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Economics Terms A-Z

Market Failure

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“Market failure” is a term that economists use to describe a market that is not functioning optimally. This is typically measured in terms of social welfare. Market failure in economics means that there’s a better outcome the market could achieve, one that would lead to an increase in social welfare.

Sometimes, but not always, this involves making a Pareto improvement. For example, consider a market that under-produces a good or service that does not exhibit any externalities. If production was increased, overall social welfare would increase with no negative consequences.

Market failure signifies that the sum of individuals’ self-interested actions have caused the market to reach an outcome that is not in the best interest of everyone involved. This is called market “failure” because typically, Adam Smith’s “invisible hand” does lead individuals’ self-interested actions to reach the socially optimal outcome in a market, as Smith famously observed.

Paul Krugman and Robin Wells put it this way in their seminal text Macroeconomics:

“...market failure […] happens when the individual pursuit of oneʼs own interest, instead of promoting the interests of society as a whole, actually makes society worse off.”

It’s important to note that in the cases of both market failure and market efficiency, individuals are assumed to be rational. In other words, market failure does not result from individuals acting “incorrectly”, but rather from the best privately optimal decision(s) becoming misaligned with the best choice(s) for overall societal well-being.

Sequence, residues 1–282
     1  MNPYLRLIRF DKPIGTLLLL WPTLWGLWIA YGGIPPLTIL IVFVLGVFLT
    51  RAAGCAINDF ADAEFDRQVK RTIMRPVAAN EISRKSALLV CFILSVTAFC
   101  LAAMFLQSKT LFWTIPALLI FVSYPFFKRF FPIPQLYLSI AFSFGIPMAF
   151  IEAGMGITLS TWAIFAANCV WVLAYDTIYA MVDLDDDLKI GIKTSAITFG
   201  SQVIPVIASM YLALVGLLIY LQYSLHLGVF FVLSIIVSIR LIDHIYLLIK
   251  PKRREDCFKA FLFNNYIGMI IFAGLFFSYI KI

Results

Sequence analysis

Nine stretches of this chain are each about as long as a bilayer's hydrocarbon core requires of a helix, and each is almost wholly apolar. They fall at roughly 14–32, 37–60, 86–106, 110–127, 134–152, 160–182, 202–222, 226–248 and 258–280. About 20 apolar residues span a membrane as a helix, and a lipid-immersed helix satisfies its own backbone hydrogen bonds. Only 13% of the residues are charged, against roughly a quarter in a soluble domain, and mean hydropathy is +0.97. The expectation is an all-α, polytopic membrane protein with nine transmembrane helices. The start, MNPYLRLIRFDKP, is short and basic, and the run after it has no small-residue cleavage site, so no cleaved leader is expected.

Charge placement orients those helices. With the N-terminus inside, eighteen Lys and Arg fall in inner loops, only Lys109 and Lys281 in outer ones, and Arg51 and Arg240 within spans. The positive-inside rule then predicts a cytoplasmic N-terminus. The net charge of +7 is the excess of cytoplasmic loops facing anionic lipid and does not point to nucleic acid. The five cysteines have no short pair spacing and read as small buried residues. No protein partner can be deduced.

There are many potential causes of market failure. These include the presence of externalities, asymmetric information, market power (like monopoly or oligopoly), government overreach, recessionary pressures, and more. Most of these causes have something in common (with the exception of macroeconomic phenomena like recessions and bad government): they cause individual’s incentives to become misaligned with the socially optimal outcome.

Market failure in economic theory

Although it is widely agreed in the modern era that markets do fail, the reasons they fail and the strategies to correct them are important sources of ideological differentiation between economic schools of thought.

In classical economic theory, market failure is seen as either not realistic, or is viewed as a situation that cannot be improved by any intervention strategy. Many classical economists promoted a “laissez faire” approach to the economy as a result. However, these views were challenged by historical events, like the Great Depression, that pure classical theory could not adequately explain (but that’s not to say classical ideas have disappeared: some contemporary economists still hold to updated and modernized theories that a laissez faire approach is best in most cases).

In fact, this is one of the key criticisms of classical economic theory and eventually gave rise to John Maynard Keynes’ new economic school of thought, which was introduced towards the end of the Great Depression and dominated economic policy until the 1970s. Named Keynesianism after him, this school leans heavily into prescribing government intervention as one possible solution to many different forms of market failure.